Last week, China released its once-a-decade census figures. The results are largely in line with predictions: The nation saw its slowest population growth in decades, and the proportion of older people continues to grow. Some have estimated that China’s population will start to decline in 2027. What do these numbers mean to China tech?
Bottom line: The demographic dividend that tech companies have enjoyed to fuel their growth in the past decades seems to be coming to an end. China’s population is growing older, which will pose challenges for both internet startups in Beijing and smartphone factories in Shenzhen. But there are also opportunities as the country moves to raise productivity and to upgrade its labor-intensive manufacturing sector into smart factories. Even as the overall population levels off, the urban and educated population is still growing fast.
Here are the key numbers:
- China’s population was 1.41 billion in 2020, 0.7% more than that of the year before and 5.4% more than that of 2010, when the last census was conducted.
- Average annual population growth was 0.54% over the past 10 years, down from an average rate of 0.57% between 2000 and 2010.
- The portion of Chinese over the age of 60 was 18.7% in 2020, a sharp rise from 13.3% in 2010.
- The percentage of Chinese aged between 15 and 59 was 63.35% in 2020, down from 70.1% a decade before.
- The percentage of Chinese who had received a college education or above was 15.5% in 2020, up from 8.9% in 2010.
- Around 902 million Chinese, or 63.9% of the population, now live in urban areas. The number was around 666 million in 2010, or 49.7% of the total population then.
Internet population: For many years, tech companies’ growth has relied on the ever-growing number of internet users.
- But China’s internet penetration is heading to a state of saturation. China’s internet users stood at 989 million by the end of 2020. That was already more than 70% of the population.
- As population growth slows and internet penetration plateau, growth will be harder for internet companies.
Population aging: “Aging has become a basic national condition of China for a period of time to come,” said Ning Jizhe, the head of China’s National Bureau of Statistics, at the release of the census data.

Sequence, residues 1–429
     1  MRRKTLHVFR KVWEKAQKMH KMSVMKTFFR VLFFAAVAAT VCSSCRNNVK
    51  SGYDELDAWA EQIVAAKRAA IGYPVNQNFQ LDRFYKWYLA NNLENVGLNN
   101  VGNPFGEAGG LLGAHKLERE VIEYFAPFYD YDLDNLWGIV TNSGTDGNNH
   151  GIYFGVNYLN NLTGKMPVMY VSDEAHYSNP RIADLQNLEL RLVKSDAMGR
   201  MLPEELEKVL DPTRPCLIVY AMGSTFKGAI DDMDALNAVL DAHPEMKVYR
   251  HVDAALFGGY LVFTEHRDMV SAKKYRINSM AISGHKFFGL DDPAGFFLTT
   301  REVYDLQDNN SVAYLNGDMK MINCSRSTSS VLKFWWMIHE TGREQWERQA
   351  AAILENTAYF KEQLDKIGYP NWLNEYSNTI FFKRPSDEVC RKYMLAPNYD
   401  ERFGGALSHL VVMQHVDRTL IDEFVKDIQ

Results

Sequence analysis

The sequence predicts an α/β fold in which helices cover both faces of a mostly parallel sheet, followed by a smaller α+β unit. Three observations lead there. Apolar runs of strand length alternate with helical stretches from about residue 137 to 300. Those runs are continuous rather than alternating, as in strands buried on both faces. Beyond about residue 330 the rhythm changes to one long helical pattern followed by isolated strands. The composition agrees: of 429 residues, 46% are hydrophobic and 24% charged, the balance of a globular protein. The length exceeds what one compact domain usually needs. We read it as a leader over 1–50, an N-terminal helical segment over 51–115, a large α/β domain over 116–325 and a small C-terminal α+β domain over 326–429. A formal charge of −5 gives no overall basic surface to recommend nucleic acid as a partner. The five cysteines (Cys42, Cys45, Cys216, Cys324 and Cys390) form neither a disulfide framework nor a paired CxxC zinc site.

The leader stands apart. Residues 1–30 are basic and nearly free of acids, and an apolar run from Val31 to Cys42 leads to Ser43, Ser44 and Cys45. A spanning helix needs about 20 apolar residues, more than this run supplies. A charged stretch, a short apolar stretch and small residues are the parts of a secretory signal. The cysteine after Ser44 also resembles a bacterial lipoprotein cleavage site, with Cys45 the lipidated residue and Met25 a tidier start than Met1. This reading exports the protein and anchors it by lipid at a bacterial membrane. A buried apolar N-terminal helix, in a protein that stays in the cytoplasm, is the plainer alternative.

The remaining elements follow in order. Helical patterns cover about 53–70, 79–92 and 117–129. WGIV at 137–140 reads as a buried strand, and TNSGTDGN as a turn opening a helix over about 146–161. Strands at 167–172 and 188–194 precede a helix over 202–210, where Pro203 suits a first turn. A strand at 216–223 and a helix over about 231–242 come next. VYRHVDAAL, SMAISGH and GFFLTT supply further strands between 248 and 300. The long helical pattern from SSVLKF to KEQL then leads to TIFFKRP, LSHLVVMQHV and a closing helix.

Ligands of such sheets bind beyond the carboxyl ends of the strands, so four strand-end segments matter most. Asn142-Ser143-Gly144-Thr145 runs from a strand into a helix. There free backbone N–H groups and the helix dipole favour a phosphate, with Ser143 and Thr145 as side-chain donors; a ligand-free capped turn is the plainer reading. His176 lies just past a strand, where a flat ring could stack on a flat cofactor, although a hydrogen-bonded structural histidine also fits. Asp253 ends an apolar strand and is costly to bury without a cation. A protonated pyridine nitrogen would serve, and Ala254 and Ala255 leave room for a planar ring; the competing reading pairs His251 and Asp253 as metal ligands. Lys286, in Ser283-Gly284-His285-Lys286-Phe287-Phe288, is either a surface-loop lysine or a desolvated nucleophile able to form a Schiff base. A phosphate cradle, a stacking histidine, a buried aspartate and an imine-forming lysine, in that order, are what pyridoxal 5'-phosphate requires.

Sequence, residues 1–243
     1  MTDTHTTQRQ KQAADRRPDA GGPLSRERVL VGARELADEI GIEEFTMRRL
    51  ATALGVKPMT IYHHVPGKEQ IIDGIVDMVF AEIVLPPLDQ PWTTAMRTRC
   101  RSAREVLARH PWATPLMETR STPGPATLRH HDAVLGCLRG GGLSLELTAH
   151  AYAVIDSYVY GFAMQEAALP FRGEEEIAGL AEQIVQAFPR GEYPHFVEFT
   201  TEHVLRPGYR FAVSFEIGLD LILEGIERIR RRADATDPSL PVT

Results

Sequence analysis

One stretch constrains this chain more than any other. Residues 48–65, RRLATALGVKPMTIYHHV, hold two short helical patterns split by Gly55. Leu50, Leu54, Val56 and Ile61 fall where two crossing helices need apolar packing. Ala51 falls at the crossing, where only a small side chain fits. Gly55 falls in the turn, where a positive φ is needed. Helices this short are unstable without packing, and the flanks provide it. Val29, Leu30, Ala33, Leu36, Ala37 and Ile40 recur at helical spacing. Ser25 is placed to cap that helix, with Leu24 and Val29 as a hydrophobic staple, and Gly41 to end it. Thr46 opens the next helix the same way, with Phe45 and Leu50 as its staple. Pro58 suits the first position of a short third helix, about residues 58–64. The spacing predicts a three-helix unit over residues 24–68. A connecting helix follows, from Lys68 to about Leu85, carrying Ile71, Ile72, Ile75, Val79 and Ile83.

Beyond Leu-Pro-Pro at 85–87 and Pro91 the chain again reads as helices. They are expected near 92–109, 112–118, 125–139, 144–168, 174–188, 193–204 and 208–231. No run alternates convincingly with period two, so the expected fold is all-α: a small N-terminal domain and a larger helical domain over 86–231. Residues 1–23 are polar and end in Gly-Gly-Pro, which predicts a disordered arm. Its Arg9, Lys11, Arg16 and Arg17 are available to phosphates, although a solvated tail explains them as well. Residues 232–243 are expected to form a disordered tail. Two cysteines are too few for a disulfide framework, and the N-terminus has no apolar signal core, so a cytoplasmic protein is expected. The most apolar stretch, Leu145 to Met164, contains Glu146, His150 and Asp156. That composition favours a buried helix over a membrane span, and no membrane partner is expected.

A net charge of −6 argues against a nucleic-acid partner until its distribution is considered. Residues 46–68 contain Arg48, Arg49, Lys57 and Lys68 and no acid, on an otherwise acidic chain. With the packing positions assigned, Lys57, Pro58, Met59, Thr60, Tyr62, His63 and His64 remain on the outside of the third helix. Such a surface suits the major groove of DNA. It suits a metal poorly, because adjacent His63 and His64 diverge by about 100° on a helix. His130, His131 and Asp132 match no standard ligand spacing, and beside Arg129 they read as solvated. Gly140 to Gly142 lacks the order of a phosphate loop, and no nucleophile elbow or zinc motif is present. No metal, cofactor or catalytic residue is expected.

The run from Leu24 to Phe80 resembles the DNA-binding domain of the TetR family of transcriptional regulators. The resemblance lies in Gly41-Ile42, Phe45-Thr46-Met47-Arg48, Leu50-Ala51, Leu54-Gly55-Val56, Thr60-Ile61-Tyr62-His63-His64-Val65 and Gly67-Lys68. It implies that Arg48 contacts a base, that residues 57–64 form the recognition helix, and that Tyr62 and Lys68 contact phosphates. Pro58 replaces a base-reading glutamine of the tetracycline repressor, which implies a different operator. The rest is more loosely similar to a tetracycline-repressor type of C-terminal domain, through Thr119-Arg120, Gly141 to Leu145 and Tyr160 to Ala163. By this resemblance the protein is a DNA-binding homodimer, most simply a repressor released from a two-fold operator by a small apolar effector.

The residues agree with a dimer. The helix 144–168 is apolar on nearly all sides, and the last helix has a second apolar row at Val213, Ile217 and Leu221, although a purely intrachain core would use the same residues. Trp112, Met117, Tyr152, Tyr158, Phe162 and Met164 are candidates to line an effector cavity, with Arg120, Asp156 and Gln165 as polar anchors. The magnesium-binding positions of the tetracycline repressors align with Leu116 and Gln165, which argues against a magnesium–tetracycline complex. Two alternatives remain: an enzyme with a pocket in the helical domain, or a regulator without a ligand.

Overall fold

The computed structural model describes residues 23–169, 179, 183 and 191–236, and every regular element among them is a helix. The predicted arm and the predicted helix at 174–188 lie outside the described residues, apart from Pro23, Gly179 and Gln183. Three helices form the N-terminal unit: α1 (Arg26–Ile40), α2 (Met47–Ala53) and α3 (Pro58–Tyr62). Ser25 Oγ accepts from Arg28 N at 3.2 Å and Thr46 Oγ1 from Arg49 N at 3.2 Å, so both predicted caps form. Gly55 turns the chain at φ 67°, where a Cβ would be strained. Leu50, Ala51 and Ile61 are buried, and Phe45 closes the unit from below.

- For decades, China’s manufacturing industry relied on an endless supply of young workers who are willing to work for low wages. It is now the world’s largest exporter of consumer electronics like smartphones and personal computers.
- Now, workers are in shortage and labor costs are rising, prompting contract makers to shift some production lines from China to neighboring countries like Vietnam and India.
- China’s gig economy—including its booming ride-hailing and food-delivery markets—also relies on widely available cheap labor. The situation is unlikely to maintain with a lower childbirth rate and an aging population.
Less innovation? Fewer young people may mean less innovation, argued Liang Jianzhang, a professor at China’s Peking University and a demographics expert.
- Liang is also the founder of China’s largest online travel agency Ctrip. He resigned as Ctrip’s executive in 2006 to focus on demographic issues. He argues (in Chinese) that China should spend around 1% to 5% of its GDP on encouraging more childbirth.
- Liang told Chinese media after the release of the census data that population aging would keep more older workforce in the labor market, preventing young people from entering the market and thus, curb innovation.
- Decreasing demand would also hurt innovation, according to Liang. “Hotels in China are in surplus, but the entire demand for hotels is now declining,” he said. “No one will build new hotels, and new hotel technologies will have no testing ground.” (Our translation)
- A 2019 paper by Li Zipu, a professor of Zhongnan University of Economics and Law, found that population aging had a negative impact on several provinces’ science and technology innovation, after their proportions of the elderly exceeded 13.3%. Li argued that an aging population and delayed retirement age will discourage enterprises from hiring young workers and that the existing younger generation may lose opportunities for promotion in their careers.